President Trump speaking at Arlington National Cemetary. Photo: Jim Watson/AFP via Getty Images

President Trump yesterday signed a bill that aims to expand veterans' access to private health care, but the Washington Post reports that the administration is quietly trying to kill the Senate effort to fund it. 

The big picture: Increasing veterans' access to private care emerged as key to addressing the 2014 VA crisis, but it's also sparked a huge debate over how far this access should go.

  • Some lawmakers, along with veterans groups, worry that using federal VA funding for private care could stretch the program's resources even further, as private care often costs more than VA services, Axios' Caitlin Owens writes.

Between the lines: The GOP base was furious with the $1.3 trillion spending bill passed earlier this year, so the White House is hesitant to spend more money. It's encouraging lawmakers to cut spending in other areas instead of appropriating an additional $50 billion to pay for the veterans bill signed yesterday.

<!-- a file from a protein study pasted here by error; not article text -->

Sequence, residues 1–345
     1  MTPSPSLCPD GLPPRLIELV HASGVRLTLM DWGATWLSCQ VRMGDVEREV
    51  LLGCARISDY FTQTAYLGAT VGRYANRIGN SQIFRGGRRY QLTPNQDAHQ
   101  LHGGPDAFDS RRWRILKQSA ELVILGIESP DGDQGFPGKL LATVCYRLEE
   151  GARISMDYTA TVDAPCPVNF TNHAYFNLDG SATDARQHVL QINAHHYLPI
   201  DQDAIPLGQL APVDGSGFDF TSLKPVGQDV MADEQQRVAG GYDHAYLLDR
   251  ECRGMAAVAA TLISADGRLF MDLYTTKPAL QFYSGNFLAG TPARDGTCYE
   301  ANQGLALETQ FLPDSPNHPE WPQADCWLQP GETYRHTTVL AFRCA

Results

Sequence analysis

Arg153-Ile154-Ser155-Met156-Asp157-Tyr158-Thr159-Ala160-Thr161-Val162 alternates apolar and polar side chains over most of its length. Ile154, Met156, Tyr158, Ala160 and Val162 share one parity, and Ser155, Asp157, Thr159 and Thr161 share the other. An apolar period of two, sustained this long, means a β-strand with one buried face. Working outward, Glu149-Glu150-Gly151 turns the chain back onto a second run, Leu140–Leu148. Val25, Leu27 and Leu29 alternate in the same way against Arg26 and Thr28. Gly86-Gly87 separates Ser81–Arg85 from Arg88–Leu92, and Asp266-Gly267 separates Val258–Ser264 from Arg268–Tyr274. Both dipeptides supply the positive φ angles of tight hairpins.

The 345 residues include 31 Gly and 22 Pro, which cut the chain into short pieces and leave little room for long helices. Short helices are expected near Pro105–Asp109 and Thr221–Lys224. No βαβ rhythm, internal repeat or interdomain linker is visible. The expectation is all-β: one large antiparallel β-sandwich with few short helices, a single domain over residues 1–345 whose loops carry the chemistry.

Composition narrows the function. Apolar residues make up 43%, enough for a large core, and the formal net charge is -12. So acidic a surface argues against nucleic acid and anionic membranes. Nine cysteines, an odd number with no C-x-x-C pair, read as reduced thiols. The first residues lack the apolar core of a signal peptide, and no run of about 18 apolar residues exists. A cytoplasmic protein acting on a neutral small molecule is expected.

Yes, but: This could play into fears that private care expansion will reduce the VA's ability to serve veterans, as cuts to pay for the private care could come from within the VA itself.

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Biden has huge cash advantage over Trump as Election Day nears

Democratic presidential nominee Joe Biden in Wilmington, Delaware, on Monday. Photo: Drew Angerer/Getty Images

Democratic presidential nominee Joe Biden had $177.3 million in the bank at the end of September, per the latest Federal Election Commission filings.

Why it matters: President Trump's re-election campaign reported having $63.1 million in the bank at the end of last month, as campaigning enters the final stretch ahead of Election Day on Nov. 3.

Court allows North Carolina mail-in ballots deadline extension

An absentee ballot election worker stuffs ballot applications at the Mecklenburg County Board of Elections office in Charlotte, North Carolina, in September. Photo: Logan Cyrus/AFP via Getty Images

North Carolina can accept absentee ballots that are postmarked Nov. 3, Election Day, until Nov. 12, a federal appeals court decided Tuesday in a 12-3 majority ruling.

Why it matters: The 4th Circuit Court of Appeals' ruling against state and national Republican leaders settles a lawsuit brought by a group representing retirees, and it could see scores of additional votes counted in the key battleground state.